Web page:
FIG. 16 is a similar view of a gusseted sewn end bag;
FIG. 17 is a similar view of a flat, sewn end gusseted bag; and
FIG. 18 a partial longitudinal sectional view of each of FIGS. 16 and 17.
Referring to FIGS. 1-3 inc. the bag 10 therein shown, consists essentially as best shown in the sectional views of FIGS. 2 and 3, of an inner tube 11 of a heat sealable plastic material such as polyethylene, and an outer tube 12, comprising a plurality of contiguous plies 13-16 inc. of a non-heat sealable material, such for example as paper. The bag of FIGS. 1-3 inc. is made from an open ended bag blank as shown at 17, FIG. 4, and as procuded on a conventional stepped and tuber, the inner plastic ply 11 of which is circumferentially bonded at its opposite ends 18 and 19 to the contiguous paper ply 13, leaving the plastic ply detached therefrom throughout its intermediate zone extending between 20, 21. The paper plies 13-16 inc., are in turn circumferentially bonded to each other at both ends of the FIG. 4 blank as by means of the spot pasting shown at 22, 23 of FIG. 1.
As a first step in converting the FIG. 4 bag blank 17 into the bag of FIGS. 1-3 inc., the inner plastic ply is transversely heat sealed to closure over a zone 24, adjacent the lower end of its unattached intermediate zone 20, 21. This heat sealing is effected by means of a pair of heated bars 25, 26, which are actuated compressively against the oppositely disposed walls of the outermost ply 16 in the manner indicated in FIG. 5. The bars 25, 26 are heated to temperature such as to heat the plastic ply 11 to temperature of plasticity and fusion bonding in zone 24 of the oppositely disposed walls of ply 11. When the plastic ply 11 is made of polyethylene film in accordance with a preferred embodiment of this invention, it is thus compressively heated in zone 24 to temperature of about 190° to 204° C for about 25 seconds at the factory closed bag end C, FIG. 1, and to temperature of about 200° to 250° C for about 8 seconds on field closure of the open bag end O, FIG. 1, as discussed below.
Immediately following the heat sealing of the inner ply 11 in zone 24, FIG. 5, and while said ply is still heated to plasticity in zone 24, the blank 17 is caused to be laterally traversed by a pair of bevelled compression rolls 27, 28, FIG. 6, suitable dimensions for which are shown in FIG. 6a, and which bear against the outermost ply 16 of the blank with compressive force of about 30 lbs./psi, sufficient to crease the outer plies 12 and to completely sever the inner ply 11, as at 29 in the zone 24 into separate upper and lower sections 11a and 11b. The upper section 11a is thus converted into a sack or pouch which is sealed to closure at its lower end 24a, and which is unattached to the contiguous paper ply 13, except at the upper portion 18 bonded thereto. This severance is made at a point in the heat sealed zone 24 such that the heat sealed portion 24a, is greater than that of 24b to impart maximum sealing strength to the bottom closure of the upper or sack portion 11a of the inner tube 11.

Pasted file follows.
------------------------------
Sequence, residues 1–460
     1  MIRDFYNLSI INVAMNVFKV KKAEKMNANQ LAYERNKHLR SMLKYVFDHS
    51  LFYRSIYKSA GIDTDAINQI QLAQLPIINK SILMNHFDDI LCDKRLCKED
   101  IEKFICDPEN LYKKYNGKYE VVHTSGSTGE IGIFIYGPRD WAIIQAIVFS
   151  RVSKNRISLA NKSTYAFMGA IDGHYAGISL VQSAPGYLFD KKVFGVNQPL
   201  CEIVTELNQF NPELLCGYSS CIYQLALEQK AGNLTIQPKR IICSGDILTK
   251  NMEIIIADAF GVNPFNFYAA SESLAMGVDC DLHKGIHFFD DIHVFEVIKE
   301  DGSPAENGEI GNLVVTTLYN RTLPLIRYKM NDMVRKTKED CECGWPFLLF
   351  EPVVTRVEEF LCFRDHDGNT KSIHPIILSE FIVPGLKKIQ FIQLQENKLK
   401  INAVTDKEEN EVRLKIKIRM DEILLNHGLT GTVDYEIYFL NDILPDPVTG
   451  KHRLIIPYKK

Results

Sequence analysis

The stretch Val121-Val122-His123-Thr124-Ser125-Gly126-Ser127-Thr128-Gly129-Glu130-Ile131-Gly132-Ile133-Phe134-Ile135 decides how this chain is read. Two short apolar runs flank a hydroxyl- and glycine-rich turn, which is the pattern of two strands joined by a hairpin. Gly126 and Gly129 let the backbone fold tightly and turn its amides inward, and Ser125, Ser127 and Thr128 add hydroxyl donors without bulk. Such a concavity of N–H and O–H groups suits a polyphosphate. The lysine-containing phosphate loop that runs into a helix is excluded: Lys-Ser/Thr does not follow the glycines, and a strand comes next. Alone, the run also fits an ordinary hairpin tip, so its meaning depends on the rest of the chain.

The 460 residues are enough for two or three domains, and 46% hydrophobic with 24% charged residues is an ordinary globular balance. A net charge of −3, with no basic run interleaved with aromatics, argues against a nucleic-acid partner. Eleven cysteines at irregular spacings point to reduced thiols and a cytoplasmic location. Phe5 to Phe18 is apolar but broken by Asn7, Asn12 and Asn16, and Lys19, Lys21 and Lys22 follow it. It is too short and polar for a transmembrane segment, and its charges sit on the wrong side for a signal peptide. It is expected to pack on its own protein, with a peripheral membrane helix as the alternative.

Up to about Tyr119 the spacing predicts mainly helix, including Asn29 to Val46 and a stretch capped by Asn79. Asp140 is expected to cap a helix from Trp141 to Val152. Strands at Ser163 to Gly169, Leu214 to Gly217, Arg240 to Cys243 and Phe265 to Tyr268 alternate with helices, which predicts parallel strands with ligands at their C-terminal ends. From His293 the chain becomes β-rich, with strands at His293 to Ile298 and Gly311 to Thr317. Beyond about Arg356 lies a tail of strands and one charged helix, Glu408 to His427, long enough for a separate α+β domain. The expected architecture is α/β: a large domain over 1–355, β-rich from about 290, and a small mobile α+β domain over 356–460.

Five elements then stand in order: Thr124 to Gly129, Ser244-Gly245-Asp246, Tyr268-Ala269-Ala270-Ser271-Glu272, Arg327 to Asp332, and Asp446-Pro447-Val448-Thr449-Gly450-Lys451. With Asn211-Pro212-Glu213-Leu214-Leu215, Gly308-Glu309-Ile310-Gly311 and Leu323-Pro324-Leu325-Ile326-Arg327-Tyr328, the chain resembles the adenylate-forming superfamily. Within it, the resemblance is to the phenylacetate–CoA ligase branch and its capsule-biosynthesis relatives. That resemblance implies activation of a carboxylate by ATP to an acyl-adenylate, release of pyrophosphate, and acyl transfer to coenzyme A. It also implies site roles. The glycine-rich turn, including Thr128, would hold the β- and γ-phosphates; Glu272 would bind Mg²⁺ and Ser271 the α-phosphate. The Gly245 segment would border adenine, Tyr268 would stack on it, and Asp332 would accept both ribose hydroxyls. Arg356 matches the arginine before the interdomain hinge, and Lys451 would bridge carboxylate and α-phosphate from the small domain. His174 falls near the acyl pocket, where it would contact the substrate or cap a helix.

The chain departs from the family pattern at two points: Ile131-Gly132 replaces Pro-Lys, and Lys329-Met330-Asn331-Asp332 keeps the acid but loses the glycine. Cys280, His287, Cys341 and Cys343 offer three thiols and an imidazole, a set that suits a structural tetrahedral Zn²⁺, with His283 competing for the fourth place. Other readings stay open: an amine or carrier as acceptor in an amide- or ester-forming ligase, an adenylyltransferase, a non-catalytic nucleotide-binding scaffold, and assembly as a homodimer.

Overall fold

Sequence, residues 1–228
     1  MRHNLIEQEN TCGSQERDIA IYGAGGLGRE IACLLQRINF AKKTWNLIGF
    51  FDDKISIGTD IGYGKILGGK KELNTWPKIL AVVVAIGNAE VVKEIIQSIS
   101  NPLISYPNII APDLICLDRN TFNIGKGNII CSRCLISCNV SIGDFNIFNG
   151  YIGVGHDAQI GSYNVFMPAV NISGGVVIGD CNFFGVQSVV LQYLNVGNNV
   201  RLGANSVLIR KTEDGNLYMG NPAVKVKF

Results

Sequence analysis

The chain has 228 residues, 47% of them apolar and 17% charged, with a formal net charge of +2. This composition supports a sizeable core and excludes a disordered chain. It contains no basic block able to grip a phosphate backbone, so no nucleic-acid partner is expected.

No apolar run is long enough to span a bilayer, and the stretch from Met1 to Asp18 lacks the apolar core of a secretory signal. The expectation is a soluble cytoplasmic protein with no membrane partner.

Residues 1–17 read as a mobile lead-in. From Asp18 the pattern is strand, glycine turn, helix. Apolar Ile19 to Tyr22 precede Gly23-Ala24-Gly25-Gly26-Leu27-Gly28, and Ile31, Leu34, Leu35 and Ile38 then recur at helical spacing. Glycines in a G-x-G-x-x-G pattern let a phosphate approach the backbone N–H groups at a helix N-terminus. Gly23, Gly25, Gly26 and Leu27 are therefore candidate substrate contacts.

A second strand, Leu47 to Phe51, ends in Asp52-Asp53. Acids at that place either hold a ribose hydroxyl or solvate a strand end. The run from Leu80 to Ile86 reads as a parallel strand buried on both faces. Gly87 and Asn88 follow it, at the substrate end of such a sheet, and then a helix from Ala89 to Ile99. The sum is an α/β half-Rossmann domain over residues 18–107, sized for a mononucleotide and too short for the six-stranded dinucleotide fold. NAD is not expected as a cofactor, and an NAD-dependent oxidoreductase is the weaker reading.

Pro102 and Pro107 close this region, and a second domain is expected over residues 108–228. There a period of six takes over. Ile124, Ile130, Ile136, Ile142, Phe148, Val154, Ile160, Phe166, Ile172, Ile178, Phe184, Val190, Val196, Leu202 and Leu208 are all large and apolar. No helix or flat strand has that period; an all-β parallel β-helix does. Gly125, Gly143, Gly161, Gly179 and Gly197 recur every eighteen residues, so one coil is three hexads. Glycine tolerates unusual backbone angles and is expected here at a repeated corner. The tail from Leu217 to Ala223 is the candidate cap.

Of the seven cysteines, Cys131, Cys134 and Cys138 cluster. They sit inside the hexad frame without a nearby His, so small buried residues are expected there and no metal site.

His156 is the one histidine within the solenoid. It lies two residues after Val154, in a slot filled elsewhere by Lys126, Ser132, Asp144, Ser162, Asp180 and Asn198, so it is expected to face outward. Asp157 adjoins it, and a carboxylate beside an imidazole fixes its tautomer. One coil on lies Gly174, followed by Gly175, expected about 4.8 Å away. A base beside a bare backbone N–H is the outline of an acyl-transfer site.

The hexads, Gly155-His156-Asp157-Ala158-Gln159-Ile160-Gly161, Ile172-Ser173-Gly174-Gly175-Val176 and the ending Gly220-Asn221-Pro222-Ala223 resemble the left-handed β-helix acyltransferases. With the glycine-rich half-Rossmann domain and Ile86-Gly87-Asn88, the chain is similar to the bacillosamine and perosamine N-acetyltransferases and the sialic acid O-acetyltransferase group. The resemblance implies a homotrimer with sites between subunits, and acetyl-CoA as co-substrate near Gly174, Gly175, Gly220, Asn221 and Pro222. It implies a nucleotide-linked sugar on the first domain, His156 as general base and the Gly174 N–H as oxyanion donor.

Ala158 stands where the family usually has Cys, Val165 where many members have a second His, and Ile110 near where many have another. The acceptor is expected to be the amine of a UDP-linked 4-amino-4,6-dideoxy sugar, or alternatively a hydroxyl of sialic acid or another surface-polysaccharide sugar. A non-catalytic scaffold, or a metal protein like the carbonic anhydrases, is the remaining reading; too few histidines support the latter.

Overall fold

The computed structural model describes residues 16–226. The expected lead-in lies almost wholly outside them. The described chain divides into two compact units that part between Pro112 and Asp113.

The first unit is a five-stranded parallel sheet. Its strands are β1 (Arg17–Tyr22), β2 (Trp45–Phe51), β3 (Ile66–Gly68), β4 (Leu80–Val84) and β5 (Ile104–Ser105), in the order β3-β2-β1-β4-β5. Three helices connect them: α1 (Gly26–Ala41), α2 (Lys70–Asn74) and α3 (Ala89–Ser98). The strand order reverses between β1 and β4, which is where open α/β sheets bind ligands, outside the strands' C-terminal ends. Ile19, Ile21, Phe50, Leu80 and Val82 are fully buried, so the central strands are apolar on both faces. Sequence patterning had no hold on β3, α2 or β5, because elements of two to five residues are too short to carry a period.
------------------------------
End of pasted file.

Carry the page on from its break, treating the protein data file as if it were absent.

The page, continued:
The bag blank as thus fabricated to the stage FIG. 6, is now ready for closure in its outer plies at its lower end, in a sift and leak proof pinch bottom closure involving a stepped end construction thereof as follows. Reverting to FIG. 1 it will be noted that in accordance with the preferred embodiment of the invention as thus illustrated, the bag in its thus assembled condition, is open at the top O and closed at the bottom C, and has a front wall F and rear wall R, with a pair of oppositely disposed gussets G-1 and G-2 interposed between said walls. At the open bag end O, each gusset has a front gusset portion A, and a rear gusset portion B which is stepped up and exposed above the front gusset portion A thereof, and a rear wall portion C which is stepped up and exposed above the rear gusset portion B. Also the outer bag plies 13-16 inc. are progressively stepped up from the outermost to the innermost ply in the front wall and rear gusset portions and are stepped up in the reverse order from the innermost to the outermost ply in the rear wall, thus to expose portions of said outer plies in the same ascending order from the front wall via the rear portions to the rear wall. The inner plastic ply 11 is flush cut with the contiguous paper ply 13 in the front and rear walls as shown. For closing the bag in its outer plies 13-16 at the open end O, a hot melt reactivatable adhesive in a dormant state is preapplied to at least parts of the exposed portions B and C inc. thereof, and optionally also to some of front wall plies, as indicated by the stippling S. A suitable adhesive is a thermoplastic resin adhesive which may be a composition of polyethylene, wax and a tackifier, such as a rosin ester.